Why does nationalism insist on expelling the National Police of Catalonia?

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The concentration against the eviction of the National Police in Vía Layetana once again questions the motives of nationalism to reject the presence of the police force in the community         
Noticias (Layetania)
José A. Ruiz 28/05/2021 615
This Thursday a massive concentration has taken place (to the extent that compliance with sanitary measures allows it) in response to the threats of the new Catalan nationalist government headed by Pere Aragonés to evict the National Police from the iconic Vía Layetana police station. This intention is an habitual claim of the nationalists, supported by the mayor of Barcelona, ​​Ada Colau, who has insisted on several occasions on this eviction, with the intention of turning the current Superior Police Headquarters into a kind of interpretation center of Francoism, period with which an attempt is made to link the police force.
 
Wide variety of associations
 
If something has distinguished this concentration from others, it's the diversity of political parties, unions and associations, large and small, that it has brought together. Police unions such as JUPOL, associations such as Catalunya Suma or Espanoles de a Pie, even recently formed political parties, such as the Party of Order and Law (POLE), which after appearing in the regional elections in Madrid could be preparing its implementation in Catalonia.
 
 
Why does nationalism want to expel the National Police?
 
It's well known that the nationalist parties consider the state police forces as "occupation forces", and very especially the National Police and the Civil Guard, while the Mossos d'Esquadra force is considered "our police" by nationalists (although they also have their issues with them). The most used excuse for such enmity is the state representation implied by the National Police together with its past ties to the Franco regime, but beyond these extravagant arguments (which would imply that all the current police are "stained" by francoism) they could hide much less idealistic motives.
 
For example, according to a recent report by the European Govern Quality Institute, Catalonia is the region with the worst government in Spain and in that rating one of the main values ​​is corruption. It was corruption that disarmed Jordi Pujol's eldest son from being his political successor, which made him have to replace him with Artur Mas and possibly gave rise to the "procés", as politicians such as Miguel Angel Revilla asserted at the time. It was also corruption that dismembered Mas's party and exposed a myriad of corruption cases (3%, Palau, ITVs, expired prostheses, diversions of aid to the third world, etc.) that have spread to their successor parties, being the number one of JuntsXCat, Laura Borràs investigated for corruption, something that already seems a tradition in post-convergent militancy. And all these corruption scandals have one thing in common: they have been investigated by the National Police and the Civil Guard. The Mossos d'Esquadra force has never brought to light a single case of corruption that affects the nationalist government, since although it has many committed and efficient agents, the politicization of the force increases with rank according to testimonies from several interviewees. It's easy to guess that with the disappearance of the National Police and the Civil Guard, no one would investigate corruption in Catalonia.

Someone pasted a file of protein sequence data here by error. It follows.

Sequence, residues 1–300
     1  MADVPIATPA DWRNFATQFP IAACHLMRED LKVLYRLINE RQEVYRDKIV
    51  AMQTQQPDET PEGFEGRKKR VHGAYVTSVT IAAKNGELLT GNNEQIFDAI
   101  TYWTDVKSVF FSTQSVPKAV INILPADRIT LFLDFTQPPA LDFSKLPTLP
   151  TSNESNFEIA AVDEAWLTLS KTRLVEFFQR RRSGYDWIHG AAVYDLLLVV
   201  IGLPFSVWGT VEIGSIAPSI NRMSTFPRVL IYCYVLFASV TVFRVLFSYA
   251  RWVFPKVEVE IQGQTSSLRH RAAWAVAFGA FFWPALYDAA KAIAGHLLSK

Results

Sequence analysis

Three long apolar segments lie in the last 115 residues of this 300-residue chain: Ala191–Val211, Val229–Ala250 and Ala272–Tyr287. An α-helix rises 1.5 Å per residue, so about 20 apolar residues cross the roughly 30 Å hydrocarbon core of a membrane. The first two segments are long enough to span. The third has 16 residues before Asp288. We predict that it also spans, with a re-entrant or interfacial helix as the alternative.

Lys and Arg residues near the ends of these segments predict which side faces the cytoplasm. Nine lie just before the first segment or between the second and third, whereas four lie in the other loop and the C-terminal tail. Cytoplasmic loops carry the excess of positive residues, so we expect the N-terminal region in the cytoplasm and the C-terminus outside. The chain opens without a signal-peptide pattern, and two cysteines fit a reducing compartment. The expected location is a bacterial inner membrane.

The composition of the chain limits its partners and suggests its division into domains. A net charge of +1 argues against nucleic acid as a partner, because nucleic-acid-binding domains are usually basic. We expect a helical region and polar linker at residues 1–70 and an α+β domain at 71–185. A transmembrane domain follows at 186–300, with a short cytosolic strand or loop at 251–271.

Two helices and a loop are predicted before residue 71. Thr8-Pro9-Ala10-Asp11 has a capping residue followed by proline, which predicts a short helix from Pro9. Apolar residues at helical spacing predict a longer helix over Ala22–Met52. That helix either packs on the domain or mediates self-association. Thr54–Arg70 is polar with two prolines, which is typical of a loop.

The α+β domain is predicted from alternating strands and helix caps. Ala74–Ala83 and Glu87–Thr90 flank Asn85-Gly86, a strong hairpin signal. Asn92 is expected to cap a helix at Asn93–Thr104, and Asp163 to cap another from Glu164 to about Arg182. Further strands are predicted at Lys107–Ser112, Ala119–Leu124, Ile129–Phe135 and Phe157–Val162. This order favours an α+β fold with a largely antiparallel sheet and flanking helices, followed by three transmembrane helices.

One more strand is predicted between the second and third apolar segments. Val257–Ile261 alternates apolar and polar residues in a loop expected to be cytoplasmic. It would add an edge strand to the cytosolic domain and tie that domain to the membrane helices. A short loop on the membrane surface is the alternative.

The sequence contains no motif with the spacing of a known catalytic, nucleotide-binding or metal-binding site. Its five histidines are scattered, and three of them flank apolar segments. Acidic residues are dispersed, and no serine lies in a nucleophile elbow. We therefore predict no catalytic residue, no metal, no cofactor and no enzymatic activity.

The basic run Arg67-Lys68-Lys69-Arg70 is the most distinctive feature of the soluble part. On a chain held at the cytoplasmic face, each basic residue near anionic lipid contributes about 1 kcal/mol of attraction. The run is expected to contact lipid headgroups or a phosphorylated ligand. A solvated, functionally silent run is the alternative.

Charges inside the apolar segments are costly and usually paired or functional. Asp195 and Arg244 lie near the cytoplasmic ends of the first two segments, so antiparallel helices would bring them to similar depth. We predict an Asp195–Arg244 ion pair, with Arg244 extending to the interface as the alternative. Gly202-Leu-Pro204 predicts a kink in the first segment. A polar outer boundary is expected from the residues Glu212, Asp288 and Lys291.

That could be one of the determining factors that drive nationalism to seek the complicity of the Pedro Sánchez government to eliminate that obstacle. However, the main defenders of the Police do not intend to remain silent in the face of such a threat, which is why the police union JUPOL has launched a campaign on Change.org seeking support to prevent the eviction. A campaign that so far has achieved 70,000 signatures.
                   

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